Does Marriage Complicate Your Tax Return?

In spite of legislative changes and political hype, the “marriage penalty” that has existed in the tax laws is far from gone.

A “marriage penalty” still exists in several areas of the tax law. Recent tax legislation made the standard deduction, and the 10 and 15 percent rate brackets for married persons filing jointly, exactly double those for single individuals. However, the penalty built into rate schedules still applies to couples with higher incomes.

Adding complexity, the changes “sunset” in 2010. Experts have pointed out several other provisions of the tax law that have extraordinary effect on married persons filing joint returns, but Congress has shown little interest in genuine reform to eliminate them.

Limits on education credits, IRA contributions, and various “phaseout” provisions may or may not deal equitably with married vs. unmarried persons. The value of dependency exemptions for children and the availability of child tax credits may change when two incomes are combined in one tax return.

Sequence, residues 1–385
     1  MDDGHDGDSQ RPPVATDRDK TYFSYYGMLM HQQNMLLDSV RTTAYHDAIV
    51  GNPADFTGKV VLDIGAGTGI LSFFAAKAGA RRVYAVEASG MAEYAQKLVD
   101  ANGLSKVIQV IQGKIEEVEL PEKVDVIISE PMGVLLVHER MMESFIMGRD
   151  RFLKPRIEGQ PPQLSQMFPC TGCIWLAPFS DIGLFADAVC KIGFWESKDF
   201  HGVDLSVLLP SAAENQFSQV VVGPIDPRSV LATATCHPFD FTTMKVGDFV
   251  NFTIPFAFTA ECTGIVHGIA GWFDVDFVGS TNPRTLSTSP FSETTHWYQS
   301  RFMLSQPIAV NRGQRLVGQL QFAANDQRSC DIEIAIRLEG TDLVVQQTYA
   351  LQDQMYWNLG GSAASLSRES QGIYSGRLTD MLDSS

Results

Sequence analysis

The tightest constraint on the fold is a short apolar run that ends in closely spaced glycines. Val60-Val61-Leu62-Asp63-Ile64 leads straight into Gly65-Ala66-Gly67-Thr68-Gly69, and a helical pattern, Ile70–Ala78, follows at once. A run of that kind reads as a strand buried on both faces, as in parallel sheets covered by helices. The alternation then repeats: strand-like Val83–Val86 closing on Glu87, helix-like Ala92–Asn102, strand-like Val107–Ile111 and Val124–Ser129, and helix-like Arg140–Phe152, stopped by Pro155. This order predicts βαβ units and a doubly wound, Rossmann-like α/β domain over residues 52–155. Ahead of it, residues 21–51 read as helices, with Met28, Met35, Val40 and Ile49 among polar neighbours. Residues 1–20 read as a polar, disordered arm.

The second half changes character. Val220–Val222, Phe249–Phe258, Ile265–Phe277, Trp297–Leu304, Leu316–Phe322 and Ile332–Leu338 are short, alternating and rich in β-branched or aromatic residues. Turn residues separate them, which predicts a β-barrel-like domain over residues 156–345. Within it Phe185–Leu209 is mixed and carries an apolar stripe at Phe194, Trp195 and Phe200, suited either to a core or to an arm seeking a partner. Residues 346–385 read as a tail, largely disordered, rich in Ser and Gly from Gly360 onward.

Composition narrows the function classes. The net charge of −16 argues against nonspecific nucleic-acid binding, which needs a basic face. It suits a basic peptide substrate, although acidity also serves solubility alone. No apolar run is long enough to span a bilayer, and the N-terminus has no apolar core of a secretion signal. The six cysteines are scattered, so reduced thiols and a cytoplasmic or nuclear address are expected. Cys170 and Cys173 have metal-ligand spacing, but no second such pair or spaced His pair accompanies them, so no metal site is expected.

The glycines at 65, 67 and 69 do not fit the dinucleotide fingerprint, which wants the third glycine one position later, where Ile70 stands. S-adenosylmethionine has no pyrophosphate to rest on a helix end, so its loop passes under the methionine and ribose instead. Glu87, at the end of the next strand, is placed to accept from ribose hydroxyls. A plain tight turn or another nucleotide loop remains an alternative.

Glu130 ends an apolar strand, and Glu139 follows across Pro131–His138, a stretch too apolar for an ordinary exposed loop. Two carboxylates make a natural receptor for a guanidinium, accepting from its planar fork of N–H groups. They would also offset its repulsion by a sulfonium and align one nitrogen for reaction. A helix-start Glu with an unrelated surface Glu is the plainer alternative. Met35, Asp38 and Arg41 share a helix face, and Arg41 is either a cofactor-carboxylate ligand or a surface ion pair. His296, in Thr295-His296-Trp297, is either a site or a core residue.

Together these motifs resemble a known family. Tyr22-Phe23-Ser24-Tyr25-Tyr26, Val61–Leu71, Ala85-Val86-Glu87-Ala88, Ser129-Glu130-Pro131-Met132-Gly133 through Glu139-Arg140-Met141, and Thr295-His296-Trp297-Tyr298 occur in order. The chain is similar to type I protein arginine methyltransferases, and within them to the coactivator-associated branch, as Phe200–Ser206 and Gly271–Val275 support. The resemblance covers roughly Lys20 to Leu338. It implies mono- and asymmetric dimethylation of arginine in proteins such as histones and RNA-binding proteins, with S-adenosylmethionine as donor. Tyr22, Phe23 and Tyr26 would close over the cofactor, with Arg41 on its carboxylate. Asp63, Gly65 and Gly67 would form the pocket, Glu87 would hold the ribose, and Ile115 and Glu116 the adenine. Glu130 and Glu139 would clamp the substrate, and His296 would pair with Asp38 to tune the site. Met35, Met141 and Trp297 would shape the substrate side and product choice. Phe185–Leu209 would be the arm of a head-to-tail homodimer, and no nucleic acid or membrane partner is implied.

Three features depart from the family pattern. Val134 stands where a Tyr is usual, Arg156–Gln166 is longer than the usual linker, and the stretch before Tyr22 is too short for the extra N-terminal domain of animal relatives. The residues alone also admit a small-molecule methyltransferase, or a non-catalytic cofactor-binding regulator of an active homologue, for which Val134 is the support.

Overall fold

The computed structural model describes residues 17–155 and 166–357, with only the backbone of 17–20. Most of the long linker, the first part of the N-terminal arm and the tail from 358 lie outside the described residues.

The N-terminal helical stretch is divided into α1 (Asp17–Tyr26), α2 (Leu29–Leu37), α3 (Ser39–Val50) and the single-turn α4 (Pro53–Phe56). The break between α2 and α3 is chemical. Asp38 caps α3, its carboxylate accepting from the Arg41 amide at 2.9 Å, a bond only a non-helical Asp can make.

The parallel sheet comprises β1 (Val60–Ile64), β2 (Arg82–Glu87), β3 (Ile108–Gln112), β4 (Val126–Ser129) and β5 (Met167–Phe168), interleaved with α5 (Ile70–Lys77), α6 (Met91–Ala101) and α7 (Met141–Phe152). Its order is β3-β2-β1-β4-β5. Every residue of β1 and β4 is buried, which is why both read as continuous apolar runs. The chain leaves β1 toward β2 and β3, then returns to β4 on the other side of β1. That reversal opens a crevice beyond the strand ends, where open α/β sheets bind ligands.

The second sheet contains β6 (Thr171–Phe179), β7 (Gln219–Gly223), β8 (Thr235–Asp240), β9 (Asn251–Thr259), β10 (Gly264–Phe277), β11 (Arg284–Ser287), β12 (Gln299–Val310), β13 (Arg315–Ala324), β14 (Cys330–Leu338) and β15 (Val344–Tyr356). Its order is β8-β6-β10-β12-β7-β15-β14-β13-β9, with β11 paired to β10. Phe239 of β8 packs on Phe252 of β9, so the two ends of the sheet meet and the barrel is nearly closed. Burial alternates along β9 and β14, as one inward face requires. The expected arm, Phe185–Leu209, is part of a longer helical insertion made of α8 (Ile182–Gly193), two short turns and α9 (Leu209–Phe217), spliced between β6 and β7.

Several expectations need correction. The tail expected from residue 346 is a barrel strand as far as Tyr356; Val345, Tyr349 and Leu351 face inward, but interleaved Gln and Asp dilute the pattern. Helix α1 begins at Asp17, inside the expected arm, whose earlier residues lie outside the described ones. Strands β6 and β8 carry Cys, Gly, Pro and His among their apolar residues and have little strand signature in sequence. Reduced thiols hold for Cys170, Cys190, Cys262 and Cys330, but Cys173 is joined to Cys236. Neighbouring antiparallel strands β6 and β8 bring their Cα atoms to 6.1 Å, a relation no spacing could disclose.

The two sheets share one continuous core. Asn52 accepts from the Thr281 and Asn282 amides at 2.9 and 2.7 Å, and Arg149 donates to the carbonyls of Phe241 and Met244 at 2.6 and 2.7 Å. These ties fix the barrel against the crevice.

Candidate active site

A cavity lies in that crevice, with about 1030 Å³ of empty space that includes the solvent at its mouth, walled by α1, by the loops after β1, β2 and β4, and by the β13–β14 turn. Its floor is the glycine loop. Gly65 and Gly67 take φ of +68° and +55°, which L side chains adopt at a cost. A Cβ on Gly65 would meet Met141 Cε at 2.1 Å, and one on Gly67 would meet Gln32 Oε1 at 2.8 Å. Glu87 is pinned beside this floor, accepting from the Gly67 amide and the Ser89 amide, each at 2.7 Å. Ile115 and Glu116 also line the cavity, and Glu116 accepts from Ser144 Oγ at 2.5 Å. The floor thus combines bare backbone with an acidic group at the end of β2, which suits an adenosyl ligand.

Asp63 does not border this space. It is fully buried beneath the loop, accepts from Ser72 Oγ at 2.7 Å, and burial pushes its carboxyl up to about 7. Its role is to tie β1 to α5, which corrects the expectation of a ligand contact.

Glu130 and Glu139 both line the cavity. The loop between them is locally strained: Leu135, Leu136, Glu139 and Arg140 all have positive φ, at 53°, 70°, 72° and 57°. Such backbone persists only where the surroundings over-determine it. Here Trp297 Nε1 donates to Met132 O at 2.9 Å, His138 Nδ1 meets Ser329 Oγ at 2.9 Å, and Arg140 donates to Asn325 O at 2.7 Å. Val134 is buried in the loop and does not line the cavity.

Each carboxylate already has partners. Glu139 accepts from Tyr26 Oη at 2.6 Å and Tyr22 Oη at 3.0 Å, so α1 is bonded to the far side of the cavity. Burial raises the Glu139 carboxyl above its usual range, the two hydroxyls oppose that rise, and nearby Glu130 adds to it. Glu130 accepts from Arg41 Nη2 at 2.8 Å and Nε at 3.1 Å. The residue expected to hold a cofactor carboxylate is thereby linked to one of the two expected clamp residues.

Your income tax liability is just one important financial consideration when planning marriage. We can help you prepare the necessary information for a pre-nuptial agreement, arrange reviews of your credit records and those of your prospective spouse, project your joint tax liability for estimated tax purposes, and help the two of you prepare a coordinated financial plan. Just call for an appointment.